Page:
Volunteers Drink Over Limit to Help Train Officers

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This week President Bush declared December "National Drunk and Drugged Driving Prevention Month," encouraging police to crack down on DUI.

Area deputies staged a drill to train cadets and show people what being legally drunk looks like.

We watched as volunteers drank beyond the legal limit. In many cases, their behavior and motor skills changed dramatically, illustrating why DUI can be so deadly.

Josh Hicks sober has no problem passing a basic sobriety test.

He is one of several state employees who volunteered to get drunk for a peace officer training session.

The training gives cadets firsthand experience on how to conduct a field test on an intoxicated subject. It's something they'll be doing a lot as Nevada cracks down on DUI under it's new .08 percent limit.

Gary Turner, Bureau Chief, said, “11 drinks and two hours later, we see Josh Hicks drunk, well over the legal limit at .18.”

This time he fails the eye test and also stumbles on the one-foot stand.

Said Hicks, "I wouldn't drive - it shows how easy it is to get drunk."

Organizers say part of the reason they invited the media to this training is that they wanted drivers at home to see why DUI is so dangerous..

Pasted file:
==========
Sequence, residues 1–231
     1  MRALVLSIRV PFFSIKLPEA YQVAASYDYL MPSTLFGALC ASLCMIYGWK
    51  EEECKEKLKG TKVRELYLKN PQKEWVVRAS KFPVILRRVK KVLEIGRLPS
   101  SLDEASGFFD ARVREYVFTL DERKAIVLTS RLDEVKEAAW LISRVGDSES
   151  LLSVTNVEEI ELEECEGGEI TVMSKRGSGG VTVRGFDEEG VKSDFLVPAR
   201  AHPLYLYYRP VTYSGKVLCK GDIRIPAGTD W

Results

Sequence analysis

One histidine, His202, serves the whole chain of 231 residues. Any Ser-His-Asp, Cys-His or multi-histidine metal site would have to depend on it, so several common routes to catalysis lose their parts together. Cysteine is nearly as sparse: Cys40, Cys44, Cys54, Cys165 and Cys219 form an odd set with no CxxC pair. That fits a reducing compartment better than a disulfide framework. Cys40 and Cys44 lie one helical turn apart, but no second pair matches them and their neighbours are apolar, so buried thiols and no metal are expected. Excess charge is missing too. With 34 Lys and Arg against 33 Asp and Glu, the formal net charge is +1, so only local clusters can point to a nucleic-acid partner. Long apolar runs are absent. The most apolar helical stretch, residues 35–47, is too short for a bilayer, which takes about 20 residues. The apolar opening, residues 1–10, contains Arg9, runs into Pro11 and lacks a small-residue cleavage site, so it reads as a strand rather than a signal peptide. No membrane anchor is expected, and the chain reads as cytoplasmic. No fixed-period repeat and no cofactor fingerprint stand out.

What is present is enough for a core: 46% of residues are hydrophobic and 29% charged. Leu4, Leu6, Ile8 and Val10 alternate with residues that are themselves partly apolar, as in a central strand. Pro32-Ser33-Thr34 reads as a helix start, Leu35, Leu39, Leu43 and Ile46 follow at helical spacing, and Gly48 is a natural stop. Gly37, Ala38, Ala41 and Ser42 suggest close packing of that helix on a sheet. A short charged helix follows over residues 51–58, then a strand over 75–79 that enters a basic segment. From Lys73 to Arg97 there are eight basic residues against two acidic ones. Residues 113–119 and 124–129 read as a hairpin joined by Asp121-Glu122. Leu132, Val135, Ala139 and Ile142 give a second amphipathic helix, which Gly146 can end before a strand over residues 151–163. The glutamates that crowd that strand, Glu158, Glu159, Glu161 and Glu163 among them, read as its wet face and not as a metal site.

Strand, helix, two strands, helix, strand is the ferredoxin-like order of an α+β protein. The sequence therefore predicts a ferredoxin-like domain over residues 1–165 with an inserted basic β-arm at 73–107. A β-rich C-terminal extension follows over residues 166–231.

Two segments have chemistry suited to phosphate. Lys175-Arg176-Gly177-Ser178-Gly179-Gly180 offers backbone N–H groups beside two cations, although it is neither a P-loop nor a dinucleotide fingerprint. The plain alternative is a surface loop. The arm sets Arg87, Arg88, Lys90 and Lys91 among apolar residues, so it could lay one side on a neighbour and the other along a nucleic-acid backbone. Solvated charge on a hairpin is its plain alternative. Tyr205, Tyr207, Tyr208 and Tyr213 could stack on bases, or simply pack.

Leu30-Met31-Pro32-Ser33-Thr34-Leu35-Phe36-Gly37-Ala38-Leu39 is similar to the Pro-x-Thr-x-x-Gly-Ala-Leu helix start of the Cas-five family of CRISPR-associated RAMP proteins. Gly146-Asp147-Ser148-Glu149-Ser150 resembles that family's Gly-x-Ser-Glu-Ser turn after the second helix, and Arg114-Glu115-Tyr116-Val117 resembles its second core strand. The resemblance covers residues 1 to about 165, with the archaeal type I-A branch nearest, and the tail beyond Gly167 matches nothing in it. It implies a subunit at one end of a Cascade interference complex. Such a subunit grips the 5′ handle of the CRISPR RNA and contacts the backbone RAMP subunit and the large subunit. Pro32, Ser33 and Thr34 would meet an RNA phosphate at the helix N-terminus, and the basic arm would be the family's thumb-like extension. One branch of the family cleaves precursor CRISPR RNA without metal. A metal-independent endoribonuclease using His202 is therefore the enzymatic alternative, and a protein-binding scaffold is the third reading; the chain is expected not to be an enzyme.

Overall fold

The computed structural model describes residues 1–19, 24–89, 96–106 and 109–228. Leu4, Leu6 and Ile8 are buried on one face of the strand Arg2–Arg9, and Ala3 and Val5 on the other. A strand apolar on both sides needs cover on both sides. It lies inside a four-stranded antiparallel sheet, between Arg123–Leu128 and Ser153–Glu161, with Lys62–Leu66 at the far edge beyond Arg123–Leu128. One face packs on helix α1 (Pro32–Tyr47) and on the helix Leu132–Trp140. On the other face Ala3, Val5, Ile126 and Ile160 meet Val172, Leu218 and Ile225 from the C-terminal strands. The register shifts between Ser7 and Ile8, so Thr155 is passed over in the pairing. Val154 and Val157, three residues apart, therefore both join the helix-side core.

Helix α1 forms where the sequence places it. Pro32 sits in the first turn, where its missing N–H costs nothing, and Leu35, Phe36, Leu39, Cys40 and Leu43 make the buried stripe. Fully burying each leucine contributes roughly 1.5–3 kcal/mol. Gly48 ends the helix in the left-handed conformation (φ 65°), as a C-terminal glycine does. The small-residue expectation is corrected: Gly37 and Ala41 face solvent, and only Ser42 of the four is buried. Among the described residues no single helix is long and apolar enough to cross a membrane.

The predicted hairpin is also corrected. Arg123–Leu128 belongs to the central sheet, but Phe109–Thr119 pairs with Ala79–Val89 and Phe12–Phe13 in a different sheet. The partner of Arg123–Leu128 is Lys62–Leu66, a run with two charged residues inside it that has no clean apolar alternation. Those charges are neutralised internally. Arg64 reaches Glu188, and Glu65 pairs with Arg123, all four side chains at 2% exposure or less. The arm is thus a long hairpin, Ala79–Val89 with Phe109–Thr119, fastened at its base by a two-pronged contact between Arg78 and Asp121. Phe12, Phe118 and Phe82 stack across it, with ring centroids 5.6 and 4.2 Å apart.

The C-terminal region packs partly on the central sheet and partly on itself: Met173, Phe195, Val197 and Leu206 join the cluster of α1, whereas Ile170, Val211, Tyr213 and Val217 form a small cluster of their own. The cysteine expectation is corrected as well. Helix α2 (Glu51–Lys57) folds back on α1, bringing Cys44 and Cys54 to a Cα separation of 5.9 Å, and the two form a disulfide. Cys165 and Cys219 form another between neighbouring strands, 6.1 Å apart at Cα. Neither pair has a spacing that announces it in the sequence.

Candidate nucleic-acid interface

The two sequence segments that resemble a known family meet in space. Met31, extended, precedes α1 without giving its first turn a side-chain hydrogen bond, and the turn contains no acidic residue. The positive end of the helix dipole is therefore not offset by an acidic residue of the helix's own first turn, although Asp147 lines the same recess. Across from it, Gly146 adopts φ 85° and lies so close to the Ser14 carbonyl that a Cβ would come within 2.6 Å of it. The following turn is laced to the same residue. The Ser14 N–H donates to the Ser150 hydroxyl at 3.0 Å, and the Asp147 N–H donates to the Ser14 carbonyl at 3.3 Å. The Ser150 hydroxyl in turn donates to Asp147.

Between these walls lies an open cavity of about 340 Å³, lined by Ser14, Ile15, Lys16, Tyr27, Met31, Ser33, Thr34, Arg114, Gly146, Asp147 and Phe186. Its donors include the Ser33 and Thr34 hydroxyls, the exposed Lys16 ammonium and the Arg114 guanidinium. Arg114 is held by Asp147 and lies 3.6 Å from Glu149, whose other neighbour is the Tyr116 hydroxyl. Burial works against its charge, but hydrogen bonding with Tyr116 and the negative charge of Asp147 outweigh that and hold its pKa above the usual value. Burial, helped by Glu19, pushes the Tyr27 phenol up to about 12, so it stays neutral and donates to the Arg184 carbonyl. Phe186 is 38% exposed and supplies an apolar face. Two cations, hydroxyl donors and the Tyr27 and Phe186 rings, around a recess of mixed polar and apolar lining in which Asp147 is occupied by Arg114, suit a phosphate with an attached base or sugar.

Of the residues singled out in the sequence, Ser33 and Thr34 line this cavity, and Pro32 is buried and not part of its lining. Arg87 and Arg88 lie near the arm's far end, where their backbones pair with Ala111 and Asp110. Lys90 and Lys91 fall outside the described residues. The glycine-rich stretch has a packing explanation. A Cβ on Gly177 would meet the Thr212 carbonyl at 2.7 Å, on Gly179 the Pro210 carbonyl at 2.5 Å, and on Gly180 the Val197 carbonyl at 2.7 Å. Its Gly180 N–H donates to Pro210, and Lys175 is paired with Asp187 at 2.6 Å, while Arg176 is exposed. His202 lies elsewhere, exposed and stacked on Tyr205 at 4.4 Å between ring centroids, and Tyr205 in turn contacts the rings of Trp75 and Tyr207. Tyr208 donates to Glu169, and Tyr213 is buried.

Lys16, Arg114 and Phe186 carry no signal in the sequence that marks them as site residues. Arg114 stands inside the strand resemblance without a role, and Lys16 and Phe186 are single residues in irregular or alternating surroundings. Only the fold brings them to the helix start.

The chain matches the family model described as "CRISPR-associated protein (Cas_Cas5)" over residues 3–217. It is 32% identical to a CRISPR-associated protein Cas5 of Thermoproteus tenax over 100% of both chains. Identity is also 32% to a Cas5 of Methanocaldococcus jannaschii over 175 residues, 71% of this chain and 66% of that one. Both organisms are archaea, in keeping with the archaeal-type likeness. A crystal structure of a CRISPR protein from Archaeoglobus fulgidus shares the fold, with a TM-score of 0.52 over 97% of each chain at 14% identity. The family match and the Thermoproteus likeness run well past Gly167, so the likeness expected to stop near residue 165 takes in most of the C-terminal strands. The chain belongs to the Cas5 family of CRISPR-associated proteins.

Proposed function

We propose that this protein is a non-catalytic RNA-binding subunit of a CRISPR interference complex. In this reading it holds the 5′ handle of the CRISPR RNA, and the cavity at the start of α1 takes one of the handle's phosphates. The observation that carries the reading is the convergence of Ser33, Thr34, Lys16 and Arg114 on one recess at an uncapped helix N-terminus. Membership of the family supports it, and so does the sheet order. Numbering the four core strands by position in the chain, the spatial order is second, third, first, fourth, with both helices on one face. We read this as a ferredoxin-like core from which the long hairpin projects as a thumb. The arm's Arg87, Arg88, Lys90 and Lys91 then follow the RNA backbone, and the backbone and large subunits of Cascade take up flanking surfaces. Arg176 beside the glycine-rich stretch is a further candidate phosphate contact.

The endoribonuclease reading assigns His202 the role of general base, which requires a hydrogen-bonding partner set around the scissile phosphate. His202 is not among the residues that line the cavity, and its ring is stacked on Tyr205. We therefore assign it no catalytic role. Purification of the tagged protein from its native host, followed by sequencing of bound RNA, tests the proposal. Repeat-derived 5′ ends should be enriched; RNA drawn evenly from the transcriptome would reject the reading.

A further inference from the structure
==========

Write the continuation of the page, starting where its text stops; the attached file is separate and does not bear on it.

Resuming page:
National statistics show that 1,0001 people were killed last year in alcohol-related crashes and another 250,000 were injured.

Officers say the best way to avoid being a victim is to plan ahead and designate a driver.

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Drunk Driving Statistics

  • Traffic fatalities in alcohol-related crashes rose by four percent from 1999 to

  • The 16,653 alcohol-related fatalities in 2000 (40 percent of total traffic fatalities for the year) represent a 25 percent reduction from the 22,084 alcohol-related fatalities reported in 1990 (50 percent of the total).

  • NHTSA estimates that alcohol was involved in 40 percent of fatal crashes and in eight percent of all crashes in 2000.

  • The 16,653 fatalities in alcohol-related crashes during 2000 represent an average of one alcohol-related fatality every 32 minutes.

  • An estimated 310,000 persons were injured in crashes where police reported that alcohol was present — an average of one person injured approximately every two minutes.

  • Approximately 1.5 million drivers were arrested in 1999 for driving under the influence of alcohol or narcotics.

  • This is an arrest rate of 1 for every 121 licensed drivers in the United States.

  • About 3 in every 10 Americans will be involved in an alcohol-related crash at some time in their lives.

  • In 2000, 31 percent of all traffic fatalities occurred in crashes in which at least one driver or nonoccupant had a BAC of 0.10 g/dl or greater. Sixty-nine percent of the 12,892 people killed in such crashes were themselves intoxicated. The remaining 31 percent were passengers, nonintoxicated drivers, or nonintoxicated nonoccupants.

  • In the state of Kentucky, there were 820 total fatalities in 2000. Of those, 203 had a BAC greater than or equal to 0.10, which accounted for 25 percent of the total fatalities.

Source: www.nhtsa.dot.gov (National Highway Traffic Safety Administration Web site) contributed to this report.